3. East Africa
  4. Southeast Asia
  5. China. 

They sold textiles and spices in these ports and, in exchange, brought gold and ivory from Africa; and spices, tin, Chinese blue pottery and silver from Southeast Asia and China.

The towns on the west coast were home to:

  1. Arab
  2. Persian
  3. Chinese
  4. Jewish 
  5. Syrian Christian traders.

Indian spices and cloth sold in the Red Sea ports were purchased by Italian traders and eventually reached European markets, fetching very high profits

Spices grown in tropical climates became an important part of European cooking, and cotton cloth was very attractive. This eventually drew European traders to India. 

NCERT Solutions Class 7 History Social Science Towns, Traders And Craftspersons: Crafts in Towns

Bidri: inlay work of the craftspersons of Bidar in copper and silver were called Bidri.

Bidri craft
Bidri craft

The Panchalas or Vishwakarma community, consisting of goldsmiths, bronze smiths, blacksmiths, masons and carpenters, were essential to the building of temples.

Weavers such as the Saliyar or Kaikkolars emerged as prosperous communities, making donations to temples. 

Some aspects of cloth making like cotton cleaning, spinning and dyeing became specialised and independent crafts. 

A Closer Look: Hampi, Masulipatnam and Surat

The Architectural Splendour of Hampi

  1.  Located in the Krishna-Tungabhadra basin.
  2.  Formed the nucleus of the Vijayanagara Empire, founded in 1336
  3. It was a well-fortified city.
  4. No mortar or cementing agent was used in the construction of these walls and the technique followed was to wedge them together by interlocking. 
  5. The buildings in the royal complex had splendid arches, domes and pillared halls with niches for holding sculptures.
  6. They had well-planned orchards and pleasure gardens with sculptural motifs such as the lotus and corbels.
  7.  Hampi bustled with commercial and cultural activities. 
  8. Temples were the hub of cultural activities
  9. Devadasis (temple dancers) performed before the deity, royalty and masses in the many-pillared halls in the Virupaksha (a form of Shiva) temple.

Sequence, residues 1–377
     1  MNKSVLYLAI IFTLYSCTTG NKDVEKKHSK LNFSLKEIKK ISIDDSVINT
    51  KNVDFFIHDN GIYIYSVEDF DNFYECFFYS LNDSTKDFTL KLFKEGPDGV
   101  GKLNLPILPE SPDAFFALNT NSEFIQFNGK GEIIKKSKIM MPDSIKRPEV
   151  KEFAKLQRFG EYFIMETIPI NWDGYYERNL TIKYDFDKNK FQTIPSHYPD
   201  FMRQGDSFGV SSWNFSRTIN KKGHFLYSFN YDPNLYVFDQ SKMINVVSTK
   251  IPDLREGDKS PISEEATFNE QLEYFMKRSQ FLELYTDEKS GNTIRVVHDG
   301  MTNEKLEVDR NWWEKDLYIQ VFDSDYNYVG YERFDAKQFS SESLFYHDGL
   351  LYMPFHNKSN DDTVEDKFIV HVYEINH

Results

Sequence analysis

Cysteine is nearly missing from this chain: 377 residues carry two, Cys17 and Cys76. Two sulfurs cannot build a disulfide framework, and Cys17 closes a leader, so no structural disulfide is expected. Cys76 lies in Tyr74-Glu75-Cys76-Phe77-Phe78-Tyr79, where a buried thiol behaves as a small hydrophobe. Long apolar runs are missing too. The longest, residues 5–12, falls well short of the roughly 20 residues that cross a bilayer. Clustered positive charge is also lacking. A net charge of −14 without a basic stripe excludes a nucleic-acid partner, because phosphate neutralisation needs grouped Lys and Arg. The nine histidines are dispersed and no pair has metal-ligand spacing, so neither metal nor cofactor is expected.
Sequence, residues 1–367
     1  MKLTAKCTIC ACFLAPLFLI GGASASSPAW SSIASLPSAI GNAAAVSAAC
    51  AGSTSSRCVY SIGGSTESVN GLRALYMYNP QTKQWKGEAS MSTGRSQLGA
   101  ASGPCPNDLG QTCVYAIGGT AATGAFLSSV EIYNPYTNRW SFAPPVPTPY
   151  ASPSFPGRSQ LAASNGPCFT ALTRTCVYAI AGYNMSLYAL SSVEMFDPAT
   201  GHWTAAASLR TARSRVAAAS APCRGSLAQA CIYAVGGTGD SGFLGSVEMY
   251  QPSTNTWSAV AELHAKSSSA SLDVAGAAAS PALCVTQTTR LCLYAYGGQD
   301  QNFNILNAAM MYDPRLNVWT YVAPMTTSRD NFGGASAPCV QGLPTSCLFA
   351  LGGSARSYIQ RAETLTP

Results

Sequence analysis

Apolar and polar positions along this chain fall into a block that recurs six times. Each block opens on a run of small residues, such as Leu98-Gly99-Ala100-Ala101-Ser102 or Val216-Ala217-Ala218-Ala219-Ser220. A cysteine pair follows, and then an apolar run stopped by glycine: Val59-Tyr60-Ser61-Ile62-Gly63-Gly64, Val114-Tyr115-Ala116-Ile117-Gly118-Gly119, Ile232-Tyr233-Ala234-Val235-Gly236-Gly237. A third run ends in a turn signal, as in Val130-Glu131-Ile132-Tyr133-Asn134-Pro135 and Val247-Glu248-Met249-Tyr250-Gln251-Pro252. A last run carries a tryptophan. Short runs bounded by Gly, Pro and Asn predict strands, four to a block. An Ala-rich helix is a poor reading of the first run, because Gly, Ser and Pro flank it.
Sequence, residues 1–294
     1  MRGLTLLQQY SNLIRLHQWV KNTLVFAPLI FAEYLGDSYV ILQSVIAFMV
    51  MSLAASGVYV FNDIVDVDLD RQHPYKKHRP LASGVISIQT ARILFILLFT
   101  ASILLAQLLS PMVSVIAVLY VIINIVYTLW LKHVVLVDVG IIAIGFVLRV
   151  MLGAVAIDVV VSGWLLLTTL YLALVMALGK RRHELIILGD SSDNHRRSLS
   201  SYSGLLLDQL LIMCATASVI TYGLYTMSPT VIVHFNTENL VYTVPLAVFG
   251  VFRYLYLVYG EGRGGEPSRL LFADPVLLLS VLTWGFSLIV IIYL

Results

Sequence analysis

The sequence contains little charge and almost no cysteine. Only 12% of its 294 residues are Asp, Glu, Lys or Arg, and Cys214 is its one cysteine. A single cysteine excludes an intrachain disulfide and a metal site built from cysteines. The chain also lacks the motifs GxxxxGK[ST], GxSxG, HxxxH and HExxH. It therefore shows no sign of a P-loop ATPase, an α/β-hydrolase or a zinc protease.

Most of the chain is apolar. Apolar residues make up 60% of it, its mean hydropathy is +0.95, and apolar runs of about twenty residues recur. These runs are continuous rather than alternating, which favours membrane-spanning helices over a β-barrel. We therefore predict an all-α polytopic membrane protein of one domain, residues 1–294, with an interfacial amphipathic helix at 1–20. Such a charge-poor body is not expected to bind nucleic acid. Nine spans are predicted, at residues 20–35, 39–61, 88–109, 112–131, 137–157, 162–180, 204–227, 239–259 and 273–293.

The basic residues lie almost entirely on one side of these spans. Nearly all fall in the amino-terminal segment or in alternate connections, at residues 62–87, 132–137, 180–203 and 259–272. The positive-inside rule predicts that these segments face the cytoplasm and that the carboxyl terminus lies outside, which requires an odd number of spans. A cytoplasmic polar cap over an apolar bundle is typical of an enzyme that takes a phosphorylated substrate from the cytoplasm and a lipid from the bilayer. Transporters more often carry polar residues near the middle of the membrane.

10. The Mahanavami festival, known today as Navaratri in the south, was one of the most important festivals celebrated at Hampi
  11. Hampi fell into ruin following the defeat of Vijayanagara in 1565 by the Deccani Sultans – the rulers of Golconda, Bijapur, Ahmadnagar, Berar and Bidar.

A Gateway to the West:Surat

  • Surat in Gujarat was the emporium of western trade during the Mughal period along with Cambay and Ahmedabad. 
  • It was the gateway for trade with West Asia via the Gulf of Ormuz. 
  • Surat has also been called the gate to Mecca because many pilgrim ships set sail from here.
  • Surat was cosmopolitan
  • People of all castes and creeds lived in Surat.
  • In the seventeenth century the Portuguese, Dutch and English had their factories and warehouses at Surat.
  • Surat had several retail and wholesale shops selling cotton textiles.
  • The textiles of Surat were famous for their gold lace borders (zari) and had a market in West Asia, Africa and Europe.
  • The state had numerous rest-houses to take care of the needs of people from all over the world who came to the city. 
  • There were magnificent buildings and innumerable pleasure parks. 
  • The Kathiawad seths or mahajans (moneychangers) had huge banking houses at Surat.
  • It is noteworthy that the Surat hundis were honoured in the far-off markets of Cairo in Egypt, Basra in Iraq and Antwerp in Belgium.
Zari textile : NCERT Solutions Class 7 History Social Science Towns, Traders And Craftspersons
Zari textile

Surat began to decline towards the end of the seventeenth century. 

This was because of many factors like:

  1. The loss of markets and productivity because of the decline of the Mughal Empire.
  2. Control of the sea routes by the Portuguese 
  3. Competition from Bombay where the English East India Company shifted its headquarters in 1668.

Fishing in Troubled Waters: Masulipatnam

  • Lays on the delta of the Krishna river.
  • In the seventeenth century it was a centre of intense activity.
  • Both the Dutch and English East India Companies attempted to control Masulipatnam 
  • It was the most important port on the Andhra coast
  • The fort at Masulipatnam was built by the Dutch.

The Qutb Shahi rulers of Golconda imposed royal monopolies on the sale of textiles, spices and other items. They did this to prevent the trade from passing completely into the hands of the various East India Companies. 

Indian textiles
Indian textiles were of great demand.

Various trading groups competition made the city populous and prosperous. Some of these trading groups were:

  1. the Golconda nobles
  2. Persian merchants
  3. Telugu Komati Chettis
  4. European traders

Mughals began to extend their power to Golconda. Mughal representative, the governor Mir Jumla who was also a merchant, began to play off the Dutch and the English against each other.

In 1686-1687 Mughal Emperor Aurangzeb annexed Golconda.

Thus European Companies looked for alternatives.  It was a part of the new policy of the English East India Company that it was not enough if a port had connections with the production centres of the hinterland. The new Company trade centres, it was felt, should combine political, administrative and commercial roles. 

As the Company traders moved to Bombay, Calcutta and Madras, Masulipatnam lost both its merchants and prosperity and declined in the course of the eighteenth century.